You are missing the point, becoming a British citizen doesn’t make you liable for British taxes. You only pay UK tax if you are actually resident in the UK, whether you are British or foreign. Whereas US citizens pay tax no matter where they are.
I am a UK citizen living overseas and I haven’t paid tax to the British in almost eight years. I have a good friend who hasn’t lived in the US or earned a penny in the US for the same length of time and he was called to the US embassy where his passport was confiscated and he was told he would not get it back until he paid tax outstanding on income he’d earned overseas but which the US tax authorities wanted.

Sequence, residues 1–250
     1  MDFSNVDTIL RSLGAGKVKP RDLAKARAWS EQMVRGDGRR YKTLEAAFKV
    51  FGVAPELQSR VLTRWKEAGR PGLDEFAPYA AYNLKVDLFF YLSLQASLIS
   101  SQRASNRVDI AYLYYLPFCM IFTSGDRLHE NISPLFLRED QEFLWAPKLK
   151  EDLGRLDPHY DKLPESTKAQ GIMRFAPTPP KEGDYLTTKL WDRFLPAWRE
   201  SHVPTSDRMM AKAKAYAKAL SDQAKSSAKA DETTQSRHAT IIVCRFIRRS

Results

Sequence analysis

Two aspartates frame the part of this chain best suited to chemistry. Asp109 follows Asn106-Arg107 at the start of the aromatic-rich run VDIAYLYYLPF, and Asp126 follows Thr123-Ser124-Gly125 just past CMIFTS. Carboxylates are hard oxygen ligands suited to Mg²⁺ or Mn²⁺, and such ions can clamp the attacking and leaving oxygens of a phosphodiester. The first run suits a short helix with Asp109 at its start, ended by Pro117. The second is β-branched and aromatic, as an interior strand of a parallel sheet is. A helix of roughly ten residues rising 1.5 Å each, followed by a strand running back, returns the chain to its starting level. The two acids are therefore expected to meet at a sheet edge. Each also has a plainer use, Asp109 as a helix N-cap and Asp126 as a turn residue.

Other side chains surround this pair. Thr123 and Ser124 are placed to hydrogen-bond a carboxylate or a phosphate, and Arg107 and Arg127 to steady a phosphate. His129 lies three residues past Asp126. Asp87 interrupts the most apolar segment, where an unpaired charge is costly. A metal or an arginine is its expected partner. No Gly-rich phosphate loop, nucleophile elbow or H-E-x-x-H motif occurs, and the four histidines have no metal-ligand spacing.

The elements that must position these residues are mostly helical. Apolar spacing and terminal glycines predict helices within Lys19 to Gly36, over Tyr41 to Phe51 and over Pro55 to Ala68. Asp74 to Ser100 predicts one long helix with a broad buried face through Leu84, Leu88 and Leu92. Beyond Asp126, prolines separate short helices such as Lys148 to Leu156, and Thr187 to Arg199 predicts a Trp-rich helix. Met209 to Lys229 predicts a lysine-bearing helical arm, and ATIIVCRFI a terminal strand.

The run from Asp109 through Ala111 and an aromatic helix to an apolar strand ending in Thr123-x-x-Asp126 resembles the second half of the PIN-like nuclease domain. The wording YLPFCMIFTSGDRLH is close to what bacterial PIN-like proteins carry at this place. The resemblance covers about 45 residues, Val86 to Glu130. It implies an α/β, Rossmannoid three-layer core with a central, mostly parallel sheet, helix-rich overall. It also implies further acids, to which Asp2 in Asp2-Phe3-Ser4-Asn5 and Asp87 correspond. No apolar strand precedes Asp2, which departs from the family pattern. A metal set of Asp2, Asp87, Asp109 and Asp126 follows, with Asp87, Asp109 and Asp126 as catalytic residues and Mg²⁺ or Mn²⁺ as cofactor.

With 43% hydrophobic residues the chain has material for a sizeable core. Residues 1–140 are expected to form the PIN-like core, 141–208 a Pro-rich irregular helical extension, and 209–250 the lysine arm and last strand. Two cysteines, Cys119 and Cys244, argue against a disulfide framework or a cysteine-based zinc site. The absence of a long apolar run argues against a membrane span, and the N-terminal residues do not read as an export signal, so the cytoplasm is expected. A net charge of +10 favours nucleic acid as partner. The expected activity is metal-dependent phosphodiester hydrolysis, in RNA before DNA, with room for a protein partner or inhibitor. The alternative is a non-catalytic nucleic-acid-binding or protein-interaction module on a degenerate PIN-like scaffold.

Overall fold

He’d never received an iota of assistance from the US government but here they were tracking him down to SE Asia to get him to pay tax.
Many American people have a rather naive view about how “free” they are in comparison to other nations. I wouldn’t like to be a US citizen, it confers no benefits that many other nations don’t equally confer but without a lot of the hassle.
Which, of course, is irrelevant for US citizens living in the UK, which is what this article discusses because the UK is a higher-tax country than the US. US citizens are eligible to claim a foreign tax credit against their domestic tax liabilities, which avoids the issue of double taxation.
Worldwide taxation prevents US citizens from mooching off the benefits of US citizenship while evading taxation as tax exiles. However, I'm reasonably sure that no US resident of the UK is there as a tax exile.